The COVID-19 pandemic raised concerns about the food security of many countries, in particular import-dependent developing countries like Georgia. Trade restrictions imposed by Georgia’s trade partners tightened the supply of some cereals and vegetables, signaling the risk of an increase in food prices. While there is no formal evidence of food insecurity due to the pandemic, given that Georgia is a net importer of wheat the state-subsidized wheat imports, and, according to Georgia’s Wheat and Flour Producers’ Association, Georgia and the USA agreed on imports of 30,000 tons of American wheat to Georgia. 14,000 tons have already been imported, while the rest is planned to be imported by the end of the year. While diversification of import markets is highly desirable, 30,000 tons represents a rather small share from Georgia’s total imports of wheat.
Over the last 6 years, Georgia has imported on average 500,000 thousand tons of wheat annually and spends on average 100 mln. USD. Most wheat is imported from Russia and the import market is rather concentrated. In 2019, Russia’s share constituted 87% of the total wheat imports. While, overall, Russia’s share ranges from 80% to 100%, there is clearly a declining trend which might be a sign of market diversification.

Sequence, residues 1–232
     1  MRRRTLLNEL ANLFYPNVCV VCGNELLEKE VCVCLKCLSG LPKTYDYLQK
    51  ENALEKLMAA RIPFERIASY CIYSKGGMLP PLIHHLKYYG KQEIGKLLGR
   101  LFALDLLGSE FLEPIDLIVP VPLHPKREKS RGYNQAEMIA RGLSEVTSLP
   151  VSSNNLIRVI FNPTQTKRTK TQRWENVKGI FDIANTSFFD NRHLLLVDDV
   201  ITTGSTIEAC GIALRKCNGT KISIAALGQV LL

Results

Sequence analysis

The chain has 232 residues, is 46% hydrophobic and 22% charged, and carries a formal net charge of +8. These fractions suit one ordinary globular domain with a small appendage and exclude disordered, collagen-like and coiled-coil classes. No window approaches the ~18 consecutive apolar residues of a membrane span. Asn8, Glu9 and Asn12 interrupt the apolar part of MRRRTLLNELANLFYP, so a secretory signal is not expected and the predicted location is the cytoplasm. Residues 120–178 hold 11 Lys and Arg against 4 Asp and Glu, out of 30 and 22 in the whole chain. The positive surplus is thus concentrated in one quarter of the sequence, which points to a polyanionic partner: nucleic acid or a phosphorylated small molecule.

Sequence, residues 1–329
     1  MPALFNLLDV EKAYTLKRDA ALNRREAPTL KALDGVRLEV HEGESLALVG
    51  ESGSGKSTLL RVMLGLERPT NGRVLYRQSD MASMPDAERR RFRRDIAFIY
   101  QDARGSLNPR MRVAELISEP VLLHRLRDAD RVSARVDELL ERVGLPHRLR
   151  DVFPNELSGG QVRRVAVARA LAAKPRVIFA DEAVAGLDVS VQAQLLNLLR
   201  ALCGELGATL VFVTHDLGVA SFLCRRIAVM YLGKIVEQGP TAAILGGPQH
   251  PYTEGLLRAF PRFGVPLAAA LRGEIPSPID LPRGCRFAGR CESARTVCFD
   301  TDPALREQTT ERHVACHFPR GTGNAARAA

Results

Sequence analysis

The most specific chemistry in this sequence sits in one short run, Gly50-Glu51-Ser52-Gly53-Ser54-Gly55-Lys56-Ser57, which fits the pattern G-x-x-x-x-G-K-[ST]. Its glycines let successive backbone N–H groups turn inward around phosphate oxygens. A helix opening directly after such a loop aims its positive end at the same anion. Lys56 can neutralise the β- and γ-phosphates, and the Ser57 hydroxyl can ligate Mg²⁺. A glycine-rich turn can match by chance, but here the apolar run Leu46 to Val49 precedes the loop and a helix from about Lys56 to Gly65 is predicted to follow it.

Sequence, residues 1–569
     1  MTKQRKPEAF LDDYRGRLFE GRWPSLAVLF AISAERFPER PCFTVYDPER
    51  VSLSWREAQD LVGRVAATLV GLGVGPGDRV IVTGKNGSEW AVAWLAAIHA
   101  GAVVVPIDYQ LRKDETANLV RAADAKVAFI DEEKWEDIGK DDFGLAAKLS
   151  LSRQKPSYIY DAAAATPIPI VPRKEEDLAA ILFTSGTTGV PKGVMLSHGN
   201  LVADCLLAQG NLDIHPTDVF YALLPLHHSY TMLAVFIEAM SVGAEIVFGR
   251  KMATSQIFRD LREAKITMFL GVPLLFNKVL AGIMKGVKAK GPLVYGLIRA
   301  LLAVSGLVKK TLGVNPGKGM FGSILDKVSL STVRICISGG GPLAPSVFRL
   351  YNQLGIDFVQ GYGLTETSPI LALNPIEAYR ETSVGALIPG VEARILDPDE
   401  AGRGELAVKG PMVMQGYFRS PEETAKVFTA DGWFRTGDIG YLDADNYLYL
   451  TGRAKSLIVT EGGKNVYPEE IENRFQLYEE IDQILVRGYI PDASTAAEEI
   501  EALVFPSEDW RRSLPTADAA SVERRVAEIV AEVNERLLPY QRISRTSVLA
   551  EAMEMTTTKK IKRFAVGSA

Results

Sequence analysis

Georgia’s second-largest trade partner is Kazakhstan, with 56 thousand tons comprising 11% of total imports in 2019. Kazakhstan is followed by the USA (1.02%), the Islamic Republic of Iran (0.05%), and Turkey (0.01%). The list of suppliers in 2019 also included Greece, Austria, Germany, and France but with very limited shares of total imports.